Volvo Trucks intends to sell a record number of electric trucks to one of the world’s largest building-solution providers by 2030.
The Gothenburg, Sweden-based truck manufacturer signed a letter of intent to sell 1,000 electric trucks to Holcim, according to a Volvo news release.
“Long-term collaboration and a strong commitment to really make a difference are essential for making big CO2 reductions a reality,” Martin Lundstedt, president and CEO Volvo Group, said in a statement. “I’m very proud of the partnership we have developed with Holcim, and the results we are achieving together.”
Holcim, a global manufacturer of building solutions headquartered in Switzerland, will deploy these trucks across its operations in Europe, said the news release.
The first 130 heavy electric Volvo FH and Volvo FM trucks are scheduled to be delivered to markets in France, Germany, Switzerland and the United Kingdom in the fourth quarter of 2023 and throughout 2024.
“The net-zero transition requires deep collaboration across value chains,” Jan Jenisch, chairman and CEO of Holcim, said. “We are excited to be partnering with Volvo to decarbonize our European operations logistics with electric fleets, advancing our goal to reach 30% of zero-emission heavy-duty trucks by 2030.”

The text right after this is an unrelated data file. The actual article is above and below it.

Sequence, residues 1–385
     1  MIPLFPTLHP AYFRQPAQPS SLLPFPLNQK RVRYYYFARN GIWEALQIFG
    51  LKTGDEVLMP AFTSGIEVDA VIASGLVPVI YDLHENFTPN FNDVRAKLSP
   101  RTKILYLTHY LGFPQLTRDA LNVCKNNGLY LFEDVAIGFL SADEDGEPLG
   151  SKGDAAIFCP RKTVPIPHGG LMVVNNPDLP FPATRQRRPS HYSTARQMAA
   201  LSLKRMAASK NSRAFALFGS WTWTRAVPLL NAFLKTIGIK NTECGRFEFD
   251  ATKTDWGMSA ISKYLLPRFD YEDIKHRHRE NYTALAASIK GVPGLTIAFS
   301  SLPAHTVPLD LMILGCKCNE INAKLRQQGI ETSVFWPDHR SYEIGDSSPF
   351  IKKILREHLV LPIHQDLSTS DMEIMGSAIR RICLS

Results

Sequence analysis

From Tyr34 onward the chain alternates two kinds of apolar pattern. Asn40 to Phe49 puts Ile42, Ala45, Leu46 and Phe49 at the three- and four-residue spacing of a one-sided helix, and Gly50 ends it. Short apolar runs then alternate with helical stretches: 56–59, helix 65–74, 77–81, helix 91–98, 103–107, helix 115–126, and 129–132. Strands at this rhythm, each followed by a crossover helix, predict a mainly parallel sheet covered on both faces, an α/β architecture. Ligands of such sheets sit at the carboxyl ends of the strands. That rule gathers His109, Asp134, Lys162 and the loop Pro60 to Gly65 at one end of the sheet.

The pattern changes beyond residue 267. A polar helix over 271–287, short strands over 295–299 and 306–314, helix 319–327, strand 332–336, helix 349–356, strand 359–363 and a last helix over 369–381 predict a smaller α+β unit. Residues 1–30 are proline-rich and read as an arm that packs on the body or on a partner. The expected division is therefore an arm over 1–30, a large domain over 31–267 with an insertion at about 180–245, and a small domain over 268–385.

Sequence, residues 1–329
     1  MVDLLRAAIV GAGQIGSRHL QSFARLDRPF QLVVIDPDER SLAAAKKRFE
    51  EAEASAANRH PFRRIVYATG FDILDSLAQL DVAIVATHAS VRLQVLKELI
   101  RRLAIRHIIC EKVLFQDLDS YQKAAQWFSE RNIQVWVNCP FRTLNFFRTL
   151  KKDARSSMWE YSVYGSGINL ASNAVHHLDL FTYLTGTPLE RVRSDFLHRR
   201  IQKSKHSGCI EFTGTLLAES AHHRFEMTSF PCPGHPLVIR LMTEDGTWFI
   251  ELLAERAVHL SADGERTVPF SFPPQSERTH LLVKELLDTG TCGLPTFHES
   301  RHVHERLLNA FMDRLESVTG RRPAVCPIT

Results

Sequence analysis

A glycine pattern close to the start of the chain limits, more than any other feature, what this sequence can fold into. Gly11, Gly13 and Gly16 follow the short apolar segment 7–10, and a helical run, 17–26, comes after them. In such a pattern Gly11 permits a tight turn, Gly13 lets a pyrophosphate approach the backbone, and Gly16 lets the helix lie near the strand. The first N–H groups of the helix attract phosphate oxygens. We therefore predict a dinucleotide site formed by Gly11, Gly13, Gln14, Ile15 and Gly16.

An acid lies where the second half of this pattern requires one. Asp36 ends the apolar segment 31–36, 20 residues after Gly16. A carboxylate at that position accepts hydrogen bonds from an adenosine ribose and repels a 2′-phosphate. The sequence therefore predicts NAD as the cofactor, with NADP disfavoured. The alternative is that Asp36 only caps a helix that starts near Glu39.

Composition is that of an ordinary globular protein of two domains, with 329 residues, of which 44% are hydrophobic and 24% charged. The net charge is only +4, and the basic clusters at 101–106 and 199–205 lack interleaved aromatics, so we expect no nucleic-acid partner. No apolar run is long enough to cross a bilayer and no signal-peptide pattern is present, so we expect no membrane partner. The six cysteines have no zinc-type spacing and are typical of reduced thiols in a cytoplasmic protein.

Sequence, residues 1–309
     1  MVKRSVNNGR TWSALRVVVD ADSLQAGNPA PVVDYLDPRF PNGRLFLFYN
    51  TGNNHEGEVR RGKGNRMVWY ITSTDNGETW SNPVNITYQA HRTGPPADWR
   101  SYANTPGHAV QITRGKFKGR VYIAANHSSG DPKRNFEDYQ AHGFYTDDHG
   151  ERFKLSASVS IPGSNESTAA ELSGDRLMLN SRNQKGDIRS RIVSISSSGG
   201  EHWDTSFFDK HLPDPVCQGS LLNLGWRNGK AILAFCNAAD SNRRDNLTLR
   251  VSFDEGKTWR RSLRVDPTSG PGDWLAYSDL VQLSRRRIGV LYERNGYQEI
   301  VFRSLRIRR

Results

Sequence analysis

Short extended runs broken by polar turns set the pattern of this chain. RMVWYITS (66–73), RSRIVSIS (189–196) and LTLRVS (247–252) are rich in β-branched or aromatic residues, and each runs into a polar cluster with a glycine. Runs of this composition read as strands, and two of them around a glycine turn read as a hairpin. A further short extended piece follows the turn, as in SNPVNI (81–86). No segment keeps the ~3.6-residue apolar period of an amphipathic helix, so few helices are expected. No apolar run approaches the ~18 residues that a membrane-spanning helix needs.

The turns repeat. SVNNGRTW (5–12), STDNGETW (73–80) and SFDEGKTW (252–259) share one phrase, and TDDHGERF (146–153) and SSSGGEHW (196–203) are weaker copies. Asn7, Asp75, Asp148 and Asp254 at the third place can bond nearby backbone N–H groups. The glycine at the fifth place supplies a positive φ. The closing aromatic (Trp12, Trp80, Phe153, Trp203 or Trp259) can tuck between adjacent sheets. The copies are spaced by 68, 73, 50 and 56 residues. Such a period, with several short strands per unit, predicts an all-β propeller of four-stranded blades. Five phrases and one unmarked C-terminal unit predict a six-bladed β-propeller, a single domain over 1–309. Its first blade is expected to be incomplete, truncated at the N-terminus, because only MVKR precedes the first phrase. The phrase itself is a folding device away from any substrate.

By 2050, the European Union aims to be climate neutral with net-zero greenhouse gas emissions, says the European Commission website.
As much as 50,000 tons of carbon dioxide could be saved annually by deploying the 1,000 electric trucks, said the news release.
Volvo and Holcim are founding members of the First Movers Coalition, a group focused on creating early markets for innovative clean technologies.
Charging network initiative
In November 2022, Volvo announced a partnership with Pilot Co., for a charging network across the United States.
As part of this agreement, chargers would be located at Pilot and Flying J travel centers that are positioned along transportation corridors and well-equipped to serve professional drivers. Customer needs, current and anticipated battery-electric truck density, and the availability of public funding to support infrastructure costs will also factor heavily in the location of the chargers. LL